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Bathroom Reader’s History of Plumbing

Posted on 09 November 2017 by sam

Plumbing–the most important invention we never appreciate until it’s gone. Plumbing has been around for millennia, and it plays a major role in our health and in our society. Here’s a brief timeline of some of the hallmarks of plumbing.

2600 BCE. Almost as soon as humans switched from a nomadic lifestyle into an agricultural civilization, they started developing systems to carry water. In the Indus Valley Civilization (circa 2600 BCE), citizens developed basic pipe systems to transport water, as well as bathing areas with drains and basic septic tanks.

2000 BCE. The ancient Chinese developed basic pipelines out of bamboo, although we have evidence for deep-water wells in China long before that.

1900s BCE. First evidence of a flushable toilet in ancient Greece. The ancient Greeks also developed pressurized shower systems.

800 BCE to 476 CE. The plumbing system of ancient Rome is one of the most famous examples of early plumbing. The first sewers in Rome date from between 800 and 735 BCE. Roman plumbing grew to include public baths, a complex sewer system, and indoor plumbing. The Roman aqueducts allowed for large volumes of water to be transported to people to use for bathing and drinking and then be flushed away! You wonder if they employed professional drain cleaners. Unfortunately, the Romans built their pipes with lead, and some scientists hypothesize that the “madness” that comes from lead poisoning played a large part in the downfall of the Roman Empire.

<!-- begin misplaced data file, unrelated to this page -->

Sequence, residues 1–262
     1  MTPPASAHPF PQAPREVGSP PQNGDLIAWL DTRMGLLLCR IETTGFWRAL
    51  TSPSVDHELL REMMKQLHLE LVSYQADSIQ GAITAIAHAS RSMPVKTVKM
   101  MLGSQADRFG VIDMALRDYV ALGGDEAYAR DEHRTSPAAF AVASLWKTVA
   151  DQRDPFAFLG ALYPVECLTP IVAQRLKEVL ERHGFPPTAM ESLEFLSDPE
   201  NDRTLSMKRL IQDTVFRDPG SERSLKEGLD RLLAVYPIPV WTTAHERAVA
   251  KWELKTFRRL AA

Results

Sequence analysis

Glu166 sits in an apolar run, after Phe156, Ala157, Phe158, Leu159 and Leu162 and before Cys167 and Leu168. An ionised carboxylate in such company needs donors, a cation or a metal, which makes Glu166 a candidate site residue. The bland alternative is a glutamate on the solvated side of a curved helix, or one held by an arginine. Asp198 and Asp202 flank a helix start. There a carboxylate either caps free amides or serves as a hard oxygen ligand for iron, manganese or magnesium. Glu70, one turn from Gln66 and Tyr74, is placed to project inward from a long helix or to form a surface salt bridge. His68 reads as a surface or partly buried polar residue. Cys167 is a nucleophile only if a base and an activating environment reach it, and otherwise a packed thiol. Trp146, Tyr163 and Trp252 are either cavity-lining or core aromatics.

1596 CE. John Harington invented a flushable toilet as a present to his godmother, Queen Elizabeth I. Although the Queen was enthusiastic about the toilet, she was apparently terrified of the sound it made when it flushed.

1531-today. “Sewage farms,” some of which still operate today, provide a method of disposing of wastewater by applying it to crop production. Sewage farms were and are used all over the world.

  1. The English Regency Shower was created, which pumped water from a lower basin to a cistern directly above the bathers’ head.
  2. The first commercially available toilet paper appeared. Bless.
  3. The first sewage treatment plant in the United States was built in Worcester, Massachusetts. Water treatment and safety had become a concern with the Industrial Revolution, and more and more polluted water went into the streets, bearing waterborne illnesses. Other methods of treating water include desalinization, chlorination, and fluoridation
  4. The International Association of Plumbing and Mechanicals Officials was established and began work on a sanitation code and code to fight against bad plumbing practices.

1950s. High-pressure water jetting was invented. Hydro jetting is a method of cleaning and unclogging drains and pipes by shooting high-pressure water streams to remove buildup in pipes. Hydro jetting is still used today, and captures, filters, and reuses water.

1974 to present. In 1974, the US passed the Safe Drinking Water Act, and from that point, the US has continued to pass and amend legislation regarding water safety, efficiency, and usage to ensure sanitation and conservation.

  1. The United Nations’ Sustainable Development Goals include access to plenty of clean water on a global scale.